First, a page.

Van der Laan said the test proves that CORC® technology, 10 years in the making, has matured enough to be used in actual high-field magnets.

"It really shows that we have a very good handle on the technology at this point," van der Laan said. "It is like a graduation. Now it's ready for a real magnet program where we build a real, large magnet that generates even more field than this coil had."

Van der Laan designed the CORC® cables to address some of the challenges of working with REBCO, which is quite hard to fabricate in tape form and even harder to fabricate perfectly. Flaws in the tape can bring a sudden hault to superconductivity, like a semi stopping suddenly on a packed freeway, causing the magnet to fail. But when layers of REBCO tape overlap, as in van der Laan's design, a flaw isn't such a big deal: The current just jumps to an adjacent tape, like a speeding car bypassing the semi using an extra lane. This makes the design inherently safe, stable and forgiving, he said.

"If the tapes are not perfect," van der Laan said, "you don't really care."

The team inserts the CORC magnet into the bore of a larger, 14-tesla magnet for testing.The team inserts the CORC magnet into the bore of a larger, 14-tesla magnet for testing. From left to right: Van Griffin and Youngjae Kim from the National MagLab with Jeremy Weiss of Advanced Conductor Technologies.
Photo credit: Danko van der Laan
The robust design will make it easier to ramp the magnet’s field quickly up and down, van der Laan added, another requirement for magnets used in particle accelerators and fusion machines. The technology may also be useful at the MagLab itself one day, which is always developing stronger magnets that scientists use to examine materials, biological tissue and other samples to make new discoveries. REBCO is one of several materials and technologies under consideration for next-generation magnets.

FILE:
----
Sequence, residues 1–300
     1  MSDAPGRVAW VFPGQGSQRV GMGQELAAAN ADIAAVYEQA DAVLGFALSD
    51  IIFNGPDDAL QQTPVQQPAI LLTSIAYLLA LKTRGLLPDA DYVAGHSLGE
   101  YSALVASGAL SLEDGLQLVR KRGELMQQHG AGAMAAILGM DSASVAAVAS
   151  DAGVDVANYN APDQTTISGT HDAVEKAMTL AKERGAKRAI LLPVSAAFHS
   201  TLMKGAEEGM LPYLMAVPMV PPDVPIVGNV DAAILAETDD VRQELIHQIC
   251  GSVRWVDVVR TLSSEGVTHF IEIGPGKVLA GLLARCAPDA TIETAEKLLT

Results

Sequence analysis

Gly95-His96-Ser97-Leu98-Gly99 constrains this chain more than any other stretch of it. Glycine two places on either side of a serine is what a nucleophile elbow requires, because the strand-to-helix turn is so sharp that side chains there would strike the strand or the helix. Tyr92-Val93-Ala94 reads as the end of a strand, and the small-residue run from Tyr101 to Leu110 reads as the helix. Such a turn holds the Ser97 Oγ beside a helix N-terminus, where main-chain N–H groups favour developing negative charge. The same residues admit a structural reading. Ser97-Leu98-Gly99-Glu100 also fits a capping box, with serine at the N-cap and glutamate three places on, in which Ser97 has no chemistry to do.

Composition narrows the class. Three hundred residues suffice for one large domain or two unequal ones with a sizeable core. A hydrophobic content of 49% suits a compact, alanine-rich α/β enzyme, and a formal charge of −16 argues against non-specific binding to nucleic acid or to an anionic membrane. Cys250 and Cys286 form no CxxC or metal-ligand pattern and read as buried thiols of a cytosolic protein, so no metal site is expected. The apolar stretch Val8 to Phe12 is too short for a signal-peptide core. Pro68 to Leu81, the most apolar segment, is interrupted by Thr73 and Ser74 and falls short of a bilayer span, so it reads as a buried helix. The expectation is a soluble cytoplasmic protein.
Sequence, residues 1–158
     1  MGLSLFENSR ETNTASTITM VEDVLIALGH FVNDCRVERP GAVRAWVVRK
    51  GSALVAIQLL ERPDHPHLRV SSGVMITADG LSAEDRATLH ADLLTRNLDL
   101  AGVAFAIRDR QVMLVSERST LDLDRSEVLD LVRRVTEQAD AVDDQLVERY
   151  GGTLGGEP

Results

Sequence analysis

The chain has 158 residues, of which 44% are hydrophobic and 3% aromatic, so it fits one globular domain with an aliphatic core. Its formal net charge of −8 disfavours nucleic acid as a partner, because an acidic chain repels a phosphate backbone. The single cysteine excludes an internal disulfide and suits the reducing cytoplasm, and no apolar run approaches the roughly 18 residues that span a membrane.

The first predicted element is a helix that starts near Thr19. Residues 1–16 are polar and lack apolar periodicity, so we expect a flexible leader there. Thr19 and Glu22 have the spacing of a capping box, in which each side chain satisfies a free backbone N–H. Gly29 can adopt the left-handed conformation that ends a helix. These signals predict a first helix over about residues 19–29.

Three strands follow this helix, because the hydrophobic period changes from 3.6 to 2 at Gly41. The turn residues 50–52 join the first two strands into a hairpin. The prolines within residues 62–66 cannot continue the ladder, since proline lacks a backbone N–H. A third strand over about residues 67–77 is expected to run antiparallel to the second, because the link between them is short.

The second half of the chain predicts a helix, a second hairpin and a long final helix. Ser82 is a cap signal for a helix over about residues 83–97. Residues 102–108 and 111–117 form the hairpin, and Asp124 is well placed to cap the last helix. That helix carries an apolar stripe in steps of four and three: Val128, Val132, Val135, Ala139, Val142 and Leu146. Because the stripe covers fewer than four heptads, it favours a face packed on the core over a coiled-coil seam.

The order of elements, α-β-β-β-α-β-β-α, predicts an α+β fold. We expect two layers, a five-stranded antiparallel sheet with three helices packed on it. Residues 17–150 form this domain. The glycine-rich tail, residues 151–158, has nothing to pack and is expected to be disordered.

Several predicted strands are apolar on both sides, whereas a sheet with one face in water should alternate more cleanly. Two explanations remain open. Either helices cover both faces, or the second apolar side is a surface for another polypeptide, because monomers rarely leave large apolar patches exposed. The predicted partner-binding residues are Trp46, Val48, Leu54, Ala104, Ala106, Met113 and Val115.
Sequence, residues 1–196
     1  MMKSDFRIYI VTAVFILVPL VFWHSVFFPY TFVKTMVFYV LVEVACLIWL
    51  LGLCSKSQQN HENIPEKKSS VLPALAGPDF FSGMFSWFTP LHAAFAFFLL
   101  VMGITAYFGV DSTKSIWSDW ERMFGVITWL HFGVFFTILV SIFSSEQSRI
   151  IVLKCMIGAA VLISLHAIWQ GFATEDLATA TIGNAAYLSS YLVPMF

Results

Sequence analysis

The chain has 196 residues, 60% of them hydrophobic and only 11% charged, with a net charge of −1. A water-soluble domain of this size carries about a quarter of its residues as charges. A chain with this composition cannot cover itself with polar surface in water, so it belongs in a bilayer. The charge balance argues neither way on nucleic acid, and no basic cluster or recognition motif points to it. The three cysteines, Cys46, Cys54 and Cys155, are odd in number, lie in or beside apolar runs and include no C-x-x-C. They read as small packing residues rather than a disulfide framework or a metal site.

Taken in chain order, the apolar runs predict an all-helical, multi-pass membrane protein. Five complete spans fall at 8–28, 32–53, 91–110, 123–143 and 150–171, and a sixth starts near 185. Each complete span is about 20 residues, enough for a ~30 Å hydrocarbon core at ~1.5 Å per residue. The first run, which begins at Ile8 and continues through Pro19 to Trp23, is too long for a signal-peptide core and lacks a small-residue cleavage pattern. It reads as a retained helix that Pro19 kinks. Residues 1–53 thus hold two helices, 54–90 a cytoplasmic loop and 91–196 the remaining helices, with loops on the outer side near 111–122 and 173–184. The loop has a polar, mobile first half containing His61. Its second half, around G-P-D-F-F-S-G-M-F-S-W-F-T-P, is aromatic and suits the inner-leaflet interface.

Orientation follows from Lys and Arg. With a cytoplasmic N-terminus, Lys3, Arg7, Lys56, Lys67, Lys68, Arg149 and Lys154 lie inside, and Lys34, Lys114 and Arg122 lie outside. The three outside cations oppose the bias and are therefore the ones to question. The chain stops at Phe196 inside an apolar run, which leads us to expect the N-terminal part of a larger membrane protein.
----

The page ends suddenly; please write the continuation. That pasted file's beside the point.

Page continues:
Van de Laan said the MagLab's expertise and facilities were critical to the test’s success. "There's no other place in the U.S. that I'm aware of that could have done this," he said.

"The special setup with the new 14-tesla magnet offers an excellent facility for more HTS cable and magnet research and development," said MagLab scientist Ulf Trociewitz, who developed the test bed for ACT's magnet. "It all worked very well, and we're looking forward to testing more prototype coils."

In addition to van der Laan and Trociewitz, other scientists working on the project include: Jeremy Weiss of ACT; Dima Abraimov, Lance Cooley, Daniel Davis, Ashleigh Francis, James Gillman, Van Griffin, Youngjae Kim, David Larbalestier, George Miller and Huub Weijers of the National MagLab; and Xiaorong Wang of Lawrence Berkeley National Laboratory.

This research was done as part of a Small Business Innovative Research grant from the U.S. Department of Energy, Office of High Energy Physics, which encourages small businesses to partner with academia to develop new technology. The National MagLab is funded by the National Science Foundation (DMR-1644779) and the State of Florida.

Story by Kristen Coyne

The National High Magnetic Field Laboratory is the world’s largest and highest-powered magnet facility. Located at Florida State University, the University of Florida and Los Alamos National Laboratory, the interdisciplinary National MagLab hosts scientists from around the world to perform basic research in high magnetic fields, advancing our understanding of materials, energy and life. The lab is funded by the National Science Foundation (DMR-1644779) and the state of Florida. For more information, visit us online at nationalmaglab.org or follow us on Facebook, Twitter, Instagram and Pinterest at NationalMagLab.